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Old 02-10-2011, 08:07 AM   #1
BTS
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Default Halo Genomics Selector Technology

I'm wondering if anyone has experience with Halo Genomics' Selector Technology (formerly O-link Genomics)? We are considering this technology for targeted resequencing of a panel of about 500-600 genes. Could this step negate the need to use custom designed probes for hybridization and capture via Agilent or Nimblegen?

I'm envisioning that this could be done before fragmentation and post fragmentation steps would only include ligation of adaptors but I'm not positive...

Thanks in advance
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Old 02-13-2011, 12:15 AM   #2
james hadfield
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Yes you would not need t do any Agilent or Nimblegen caputre, they are a competitor although not for whole exomes. The HaloGenomics technology could possibly be made to work as a no-PCR protocol but it neds some tweaking. Looks good thouigh, I meant to follow up after AGBT. Must get that email sent!
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Old 02-14-2011, 09:48 AM   #3
krobison
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Well, you wouldn't need custom Agilent or Nimblegen probes -- but would need custom Halo Selector probes. No fragmentation though (they use restriction enzyme digestion).

Have you gotten pricing? When I talked to them a year plus ago, it seemed they were pricing for large projects (many samples) -- which perhaps yours is. In general, anything requiring custom oligos that aren't made on microarrays is going to have economics skewed towards large projects.
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Old 02-15-2011, 05:10 AM   #4
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We are going to be sequencing on a GAIIx with 2x75 bp reads. Wouldn't we still have to fragment to remove bias towards the ends of the fragments?

I don't have the exact pricing but from what I understand it is comparable to Nimblegen or Agilent custom captures.
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Old 02-15-2011, 05:51 AM   #5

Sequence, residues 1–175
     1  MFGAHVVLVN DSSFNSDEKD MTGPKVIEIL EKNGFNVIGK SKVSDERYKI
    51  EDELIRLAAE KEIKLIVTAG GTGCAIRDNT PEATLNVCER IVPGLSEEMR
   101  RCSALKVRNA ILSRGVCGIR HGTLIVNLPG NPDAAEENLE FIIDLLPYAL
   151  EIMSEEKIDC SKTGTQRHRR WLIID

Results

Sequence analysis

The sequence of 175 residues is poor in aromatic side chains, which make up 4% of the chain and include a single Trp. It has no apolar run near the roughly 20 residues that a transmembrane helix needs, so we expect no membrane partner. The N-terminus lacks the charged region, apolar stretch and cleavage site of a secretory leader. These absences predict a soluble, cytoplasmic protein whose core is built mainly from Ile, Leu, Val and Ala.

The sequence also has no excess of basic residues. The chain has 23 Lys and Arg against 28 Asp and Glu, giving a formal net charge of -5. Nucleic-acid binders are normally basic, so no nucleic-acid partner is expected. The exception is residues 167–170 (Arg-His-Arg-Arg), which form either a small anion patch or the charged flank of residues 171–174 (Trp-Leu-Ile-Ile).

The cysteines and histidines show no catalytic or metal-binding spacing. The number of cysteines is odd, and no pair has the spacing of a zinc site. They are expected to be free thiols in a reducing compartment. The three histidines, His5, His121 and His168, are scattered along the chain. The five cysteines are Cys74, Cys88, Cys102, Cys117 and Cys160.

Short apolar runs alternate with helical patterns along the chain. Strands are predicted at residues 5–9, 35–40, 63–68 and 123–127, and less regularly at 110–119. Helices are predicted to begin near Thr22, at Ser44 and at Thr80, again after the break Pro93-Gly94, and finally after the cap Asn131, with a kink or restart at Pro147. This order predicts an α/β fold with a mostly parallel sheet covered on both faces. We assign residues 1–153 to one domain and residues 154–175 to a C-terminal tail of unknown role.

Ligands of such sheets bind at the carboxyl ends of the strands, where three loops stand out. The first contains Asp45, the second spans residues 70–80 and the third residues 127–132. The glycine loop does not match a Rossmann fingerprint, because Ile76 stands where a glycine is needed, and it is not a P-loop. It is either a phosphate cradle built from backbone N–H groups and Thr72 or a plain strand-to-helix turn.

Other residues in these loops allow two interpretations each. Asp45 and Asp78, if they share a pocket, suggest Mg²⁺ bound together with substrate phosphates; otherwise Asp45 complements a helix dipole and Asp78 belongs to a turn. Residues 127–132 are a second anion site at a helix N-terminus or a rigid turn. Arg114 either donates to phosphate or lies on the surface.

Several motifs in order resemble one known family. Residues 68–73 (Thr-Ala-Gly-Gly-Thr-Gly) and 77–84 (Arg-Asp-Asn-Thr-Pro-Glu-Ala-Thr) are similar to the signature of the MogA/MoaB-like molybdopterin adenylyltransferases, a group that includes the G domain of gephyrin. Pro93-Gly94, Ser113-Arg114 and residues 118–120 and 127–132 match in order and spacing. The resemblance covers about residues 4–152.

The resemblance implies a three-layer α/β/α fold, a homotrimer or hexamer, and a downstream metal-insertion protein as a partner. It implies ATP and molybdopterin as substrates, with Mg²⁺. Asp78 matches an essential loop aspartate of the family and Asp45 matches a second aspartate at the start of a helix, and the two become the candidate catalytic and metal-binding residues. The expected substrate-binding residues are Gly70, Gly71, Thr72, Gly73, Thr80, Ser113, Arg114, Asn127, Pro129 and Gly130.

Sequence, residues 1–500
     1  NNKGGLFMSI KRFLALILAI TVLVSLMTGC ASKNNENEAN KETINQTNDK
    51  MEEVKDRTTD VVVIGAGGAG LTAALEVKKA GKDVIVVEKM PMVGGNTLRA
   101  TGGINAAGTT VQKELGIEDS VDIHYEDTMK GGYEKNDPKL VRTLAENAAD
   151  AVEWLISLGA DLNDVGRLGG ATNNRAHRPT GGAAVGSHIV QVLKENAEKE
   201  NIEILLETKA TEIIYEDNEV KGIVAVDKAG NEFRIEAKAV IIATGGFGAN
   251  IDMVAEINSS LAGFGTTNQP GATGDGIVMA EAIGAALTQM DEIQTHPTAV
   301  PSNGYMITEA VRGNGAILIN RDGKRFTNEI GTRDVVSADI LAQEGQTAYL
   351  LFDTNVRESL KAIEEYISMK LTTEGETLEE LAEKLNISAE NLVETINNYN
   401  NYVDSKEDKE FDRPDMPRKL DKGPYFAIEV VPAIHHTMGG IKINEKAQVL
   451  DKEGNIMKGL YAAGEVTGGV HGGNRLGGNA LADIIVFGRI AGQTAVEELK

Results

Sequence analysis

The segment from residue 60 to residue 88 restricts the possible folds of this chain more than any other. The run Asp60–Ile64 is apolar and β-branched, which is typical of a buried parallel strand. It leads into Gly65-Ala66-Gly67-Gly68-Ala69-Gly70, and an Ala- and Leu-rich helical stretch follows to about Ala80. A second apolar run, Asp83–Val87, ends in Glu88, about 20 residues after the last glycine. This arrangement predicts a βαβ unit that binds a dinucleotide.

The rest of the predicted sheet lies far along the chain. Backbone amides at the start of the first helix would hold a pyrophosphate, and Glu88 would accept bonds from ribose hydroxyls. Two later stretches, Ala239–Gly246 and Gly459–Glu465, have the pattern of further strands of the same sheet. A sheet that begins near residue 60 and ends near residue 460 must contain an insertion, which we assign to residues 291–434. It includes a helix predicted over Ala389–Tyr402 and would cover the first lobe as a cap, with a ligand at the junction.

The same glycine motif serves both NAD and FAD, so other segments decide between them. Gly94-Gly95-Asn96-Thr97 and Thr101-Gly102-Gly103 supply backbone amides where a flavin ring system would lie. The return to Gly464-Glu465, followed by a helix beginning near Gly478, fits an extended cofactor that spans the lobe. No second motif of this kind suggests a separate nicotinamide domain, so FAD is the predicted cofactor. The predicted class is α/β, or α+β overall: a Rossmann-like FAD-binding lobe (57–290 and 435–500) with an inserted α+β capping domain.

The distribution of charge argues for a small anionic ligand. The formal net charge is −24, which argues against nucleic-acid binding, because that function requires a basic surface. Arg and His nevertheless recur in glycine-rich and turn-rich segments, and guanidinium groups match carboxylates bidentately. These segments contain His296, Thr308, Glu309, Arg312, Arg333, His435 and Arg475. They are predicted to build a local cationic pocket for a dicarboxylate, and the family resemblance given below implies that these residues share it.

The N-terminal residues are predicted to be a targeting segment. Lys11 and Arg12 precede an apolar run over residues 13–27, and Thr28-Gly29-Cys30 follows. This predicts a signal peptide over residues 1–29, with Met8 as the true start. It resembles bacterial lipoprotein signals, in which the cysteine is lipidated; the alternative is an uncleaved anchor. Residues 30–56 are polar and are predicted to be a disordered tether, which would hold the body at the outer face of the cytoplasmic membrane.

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You are correct -- my mistake. The difference vs. the Agilent & Nimblegen schemes is the fragmentation & library construction is after selection, not before.

This NAR paper seems to have a good M&M section explaining all of it.
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Old 05-31-2011, 12:49 PM   #6
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Uppsala Genome Centre plans to start sometime in the autumn
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Old 06-18-2011, 04:10 AM   #7
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I have made 30 libraries with the Halo Genomics selector probes. The process was very straightforward and I am waiting to hear back from the analysis how specific the capture was.

The capture was backwards from our exome work, it occurs prior to library construction. The end product is high molecular weight genomic DNA produced from circle dependent amplification with phi29, so I did have to shear all of the captured samples with the Covaris before going into standard library construction.

I have not yet tried their PCR version that should bypass the library construction. We find their process fits well in the space between PCR enrichment and Agilent/Nimblegen/Illumina biotinylated bait capture.
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Old 11-08-2011, 03:40 AM   #8
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We are seriously considering it as an alternative to Agilent capture for a few projects. Price-wise, it's very competitive to Agilent if you are running a high enough sample number. When you add in the time saving, apparently 50 preps can be done in a day, then it looks good. We also only have access to a S2 Covaris, so just shearing our samples for Agilent capture would probably take two days.
Sequencing needs to be 100bp paired end and they support up to 96 indexes (soon to be up to 384, I think).
We've found it looks to be particularly helpful for repetitive areas of the genome. We could design to 95.2% of our region of interest using Halo. By contrast we designed baits to 63% using SureSelect, and (when discounting the small gaps that would still be sequenced), we estimated we'd still miss around 15-20% as some of those gaps are large (>1kb).
They also expect <95% of reads to hit target, so all quoted specs look good.
Now we have to make a decision on which technology to go for.
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Old 12-08-2011, 10:43 AM   #9
genomehacker
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Default Agilent acquires Halo!

http://www.genomeweb.com/sequencing/...small-captures
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